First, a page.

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May 26, 2008

the big story about developing countries' debt

The Washington Post ran a story on Saturday about the declining significance of the International Monetary Fund. The lead was a decision by Ghana to reject loan conditions proposed by the IMF. Ghana could negotiate from strength because it has a growing economy and other options for borrowing. "That decision underscores the changing role of the IMF as developing economies have roared to life in recent years, with the fund increasingly becoming more adviser than lender."

The tone of the article was somewhat critical, focusing on challenges for the IMF as an institution. Indeed, there are plans to cut the Fund's staff by 13 percent to reflect a shrinking portfolio. But of course the story could have been told very positively; the headline could have been, "IMF Succeeds." Someone I know at the Fund told me the following story:

In the 1980s, developing nations were burdened by enormous debts, often run up by dictators. This was a huge problem, morally and practically. Admitting that the loans should never have been made in the first place was too embarrassing for the lending countries. The IMF and World Bank literally didn't have the cash to write off their loans. Forgiving debts can create a moral hazard (encouraging more borrowing). Yet the debt was a plague on the poorest people of the world.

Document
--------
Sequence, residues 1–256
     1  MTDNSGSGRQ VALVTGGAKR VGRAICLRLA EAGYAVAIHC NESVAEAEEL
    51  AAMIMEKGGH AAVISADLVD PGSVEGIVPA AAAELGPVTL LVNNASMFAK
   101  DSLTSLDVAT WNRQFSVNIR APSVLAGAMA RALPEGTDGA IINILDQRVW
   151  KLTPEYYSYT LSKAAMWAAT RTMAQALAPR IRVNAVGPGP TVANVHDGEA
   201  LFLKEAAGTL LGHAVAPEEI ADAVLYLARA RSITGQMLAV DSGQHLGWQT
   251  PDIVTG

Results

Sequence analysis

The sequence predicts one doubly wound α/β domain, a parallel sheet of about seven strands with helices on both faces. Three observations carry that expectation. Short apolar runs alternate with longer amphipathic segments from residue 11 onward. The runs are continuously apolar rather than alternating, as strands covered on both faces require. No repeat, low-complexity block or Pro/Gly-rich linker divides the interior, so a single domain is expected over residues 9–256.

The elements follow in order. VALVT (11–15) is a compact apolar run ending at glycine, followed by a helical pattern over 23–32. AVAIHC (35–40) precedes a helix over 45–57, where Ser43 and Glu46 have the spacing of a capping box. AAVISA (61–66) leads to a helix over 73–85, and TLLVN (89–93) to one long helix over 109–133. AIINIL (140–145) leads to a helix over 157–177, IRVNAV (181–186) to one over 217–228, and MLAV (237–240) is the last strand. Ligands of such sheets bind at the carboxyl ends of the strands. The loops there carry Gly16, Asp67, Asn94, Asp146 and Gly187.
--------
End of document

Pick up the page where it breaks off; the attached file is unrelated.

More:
This problem has been very substantially reduced through a combination of debt forgiveness and economic growth. Perhaps the process was far too slow or too costly for the poor countries--I don't know. What is important right now is that we have passed through the debt crisis to a large extent. The following graph, which I generated using the IMF's interactive website, shows foreign debt per GDP for Subsaharan Africa and for Ghana (the focus of the Post article). The decline since the 1990s is striking and highly positive. The debate can now be about how to develop, not how to manage debt.

May 26, 2008 9:21 AM | category: none


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